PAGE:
North Macedonia was an early concern of the Helsinki Commission during the course of Yugoslavia’s decade of violent disintegration in the 1990s. With little preparation for independent statehood, the country had to adjust to economic separation from the other Yugoslav republics, enforce sanctions imposed on the remaining Yugoslav federation and contend with an influx of refugees, all while contending with numerous domestic developments and at times facing sanctions and isolation due to its name dispute with Greece. Helsinki-organized congressional delegations concerned with these issues visited North Macedonia in 1992 and 1993, during the course of the Bosnian conflict, and the country received additional attention during the course of the 1998-99 Kosovo conflicts.
Commission staff first observed elections in North Macedonia in November 1990 and, reflecting ongoing concern about meeting OSCE standards defining free and fair elections, observed subsequent parliamentary and/or presidential elections in 1994, 1998, 1999, 2006, 2008 and 2009. North Macedonia was also a country of major concern regarding human trafficking, although over time the efforts by the authorities to combat trafficking have been among the best in the region.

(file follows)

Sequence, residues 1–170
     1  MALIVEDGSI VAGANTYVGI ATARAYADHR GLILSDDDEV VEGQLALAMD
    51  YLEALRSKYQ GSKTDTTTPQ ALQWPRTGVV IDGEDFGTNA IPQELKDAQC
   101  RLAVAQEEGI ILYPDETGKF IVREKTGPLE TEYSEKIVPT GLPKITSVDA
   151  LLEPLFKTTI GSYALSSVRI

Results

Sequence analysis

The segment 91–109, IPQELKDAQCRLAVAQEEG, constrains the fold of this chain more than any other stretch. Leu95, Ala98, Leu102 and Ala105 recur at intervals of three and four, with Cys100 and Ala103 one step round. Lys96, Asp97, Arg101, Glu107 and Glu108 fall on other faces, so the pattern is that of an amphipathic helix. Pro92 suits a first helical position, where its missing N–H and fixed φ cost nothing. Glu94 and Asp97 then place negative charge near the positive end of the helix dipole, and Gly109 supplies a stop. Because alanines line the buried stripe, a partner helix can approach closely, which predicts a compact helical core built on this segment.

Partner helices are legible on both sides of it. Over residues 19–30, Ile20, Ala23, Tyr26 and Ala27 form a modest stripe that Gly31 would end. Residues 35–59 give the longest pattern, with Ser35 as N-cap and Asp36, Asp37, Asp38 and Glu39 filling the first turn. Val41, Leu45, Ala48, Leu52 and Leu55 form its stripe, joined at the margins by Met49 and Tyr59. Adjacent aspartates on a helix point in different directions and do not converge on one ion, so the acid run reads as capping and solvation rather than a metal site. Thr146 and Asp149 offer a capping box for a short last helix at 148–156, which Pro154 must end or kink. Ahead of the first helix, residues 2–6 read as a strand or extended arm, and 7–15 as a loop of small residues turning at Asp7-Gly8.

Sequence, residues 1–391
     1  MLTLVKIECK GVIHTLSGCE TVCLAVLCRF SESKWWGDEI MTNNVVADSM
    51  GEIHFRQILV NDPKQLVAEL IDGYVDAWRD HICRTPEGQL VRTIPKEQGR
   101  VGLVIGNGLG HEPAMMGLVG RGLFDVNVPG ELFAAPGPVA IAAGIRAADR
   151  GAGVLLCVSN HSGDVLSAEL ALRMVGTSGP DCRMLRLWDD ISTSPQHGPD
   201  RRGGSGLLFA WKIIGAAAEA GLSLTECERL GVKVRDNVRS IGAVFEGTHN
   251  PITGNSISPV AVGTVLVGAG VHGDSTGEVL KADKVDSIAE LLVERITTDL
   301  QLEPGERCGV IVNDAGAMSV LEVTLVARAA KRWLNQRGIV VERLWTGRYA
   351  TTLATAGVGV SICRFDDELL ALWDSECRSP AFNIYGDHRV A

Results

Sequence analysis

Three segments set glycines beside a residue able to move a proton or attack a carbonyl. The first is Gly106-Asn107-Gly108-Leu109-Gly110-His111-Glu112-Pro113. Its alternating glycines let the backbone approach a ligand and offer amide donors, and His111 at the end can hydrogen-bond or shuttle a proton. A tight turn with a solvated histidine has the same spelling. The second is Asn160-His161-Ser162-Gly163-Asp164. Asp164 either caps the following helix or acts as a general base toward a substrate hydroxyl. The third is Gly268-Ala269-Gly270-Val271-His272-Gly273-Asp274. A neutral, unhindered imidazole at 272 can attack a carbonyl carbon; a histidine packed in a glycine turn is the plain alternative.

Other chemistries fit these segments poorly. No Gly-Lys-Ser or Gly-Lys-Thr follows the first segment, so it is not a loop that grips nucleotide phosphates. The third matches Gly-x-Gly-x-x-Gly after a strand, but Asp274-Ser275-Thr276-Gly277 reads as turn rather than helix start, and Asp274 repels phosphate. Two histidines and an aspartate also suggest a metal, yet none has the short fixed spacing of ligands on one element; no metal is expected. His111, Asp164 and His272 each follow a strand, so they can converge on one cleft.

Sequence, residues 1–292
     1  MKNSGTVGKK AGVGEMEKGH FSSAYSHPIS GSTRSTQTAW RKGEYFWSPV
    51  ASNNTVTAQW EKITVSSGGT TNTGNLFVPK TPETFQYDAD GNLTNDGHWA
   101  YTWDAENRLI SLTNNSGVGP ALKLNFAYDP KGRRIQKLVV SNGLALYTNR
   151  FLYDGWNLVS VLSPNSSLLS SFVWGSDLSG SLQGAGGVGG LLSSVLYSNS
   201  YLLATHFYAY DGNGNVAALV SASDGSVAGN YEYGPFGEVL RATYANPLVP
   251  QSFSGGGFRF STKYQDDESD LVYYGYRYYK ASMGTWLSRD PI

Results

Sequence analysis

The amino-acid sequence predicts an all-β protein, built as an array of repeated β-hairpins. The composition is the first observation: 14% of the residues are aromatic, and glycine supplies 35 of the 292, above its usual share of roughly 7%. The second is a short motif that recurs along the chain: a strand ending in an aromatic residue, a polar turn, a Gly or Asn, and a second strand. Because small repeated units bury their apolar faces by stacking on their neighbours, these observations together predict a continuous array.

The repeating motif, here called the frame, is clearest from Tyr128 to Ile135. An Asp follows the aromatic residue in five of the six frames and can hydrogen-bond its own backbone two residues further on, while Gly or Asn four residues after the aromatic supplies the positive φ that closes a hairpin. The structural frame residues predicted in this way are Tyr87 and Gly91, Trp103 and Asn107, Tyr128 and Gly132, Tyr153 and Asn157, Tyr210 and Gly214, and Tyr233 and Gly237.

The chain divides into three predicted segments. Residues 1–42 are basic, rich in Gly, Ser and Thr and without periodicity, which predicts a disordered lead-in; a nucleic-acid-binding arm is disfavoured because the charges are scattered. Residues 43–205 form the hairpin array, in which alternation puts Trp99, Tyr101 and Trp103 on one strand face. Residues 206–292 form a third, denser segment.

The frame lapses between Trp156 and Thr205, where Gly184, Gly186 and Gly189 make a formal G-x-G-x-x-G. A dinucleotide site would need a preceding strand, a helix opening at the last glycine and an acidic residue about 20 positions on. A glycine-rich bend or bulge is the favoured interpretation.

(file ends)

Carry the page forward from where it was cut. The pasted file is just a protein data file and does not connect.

Ethnic tensions between the Macedonian majority and a sizable Albanian minority have been an ongoing concern regarding both human rights and democratic development. The country’s large and relatively active Romani community has also be the subject of Commission interest. Commission hearings focused on the Balkans and the prospects for NATO enlargement have often focused on the destabilizing effects on internal developments as the name dispute has stymied the countries aspirations for European and Euro-Atlantic integration. In recent years, this has been evident in the political crisis marked by widespread domestic surveillance and questionable actions against the country’s media.
Staff Contact: Everett Price, senior policy advisor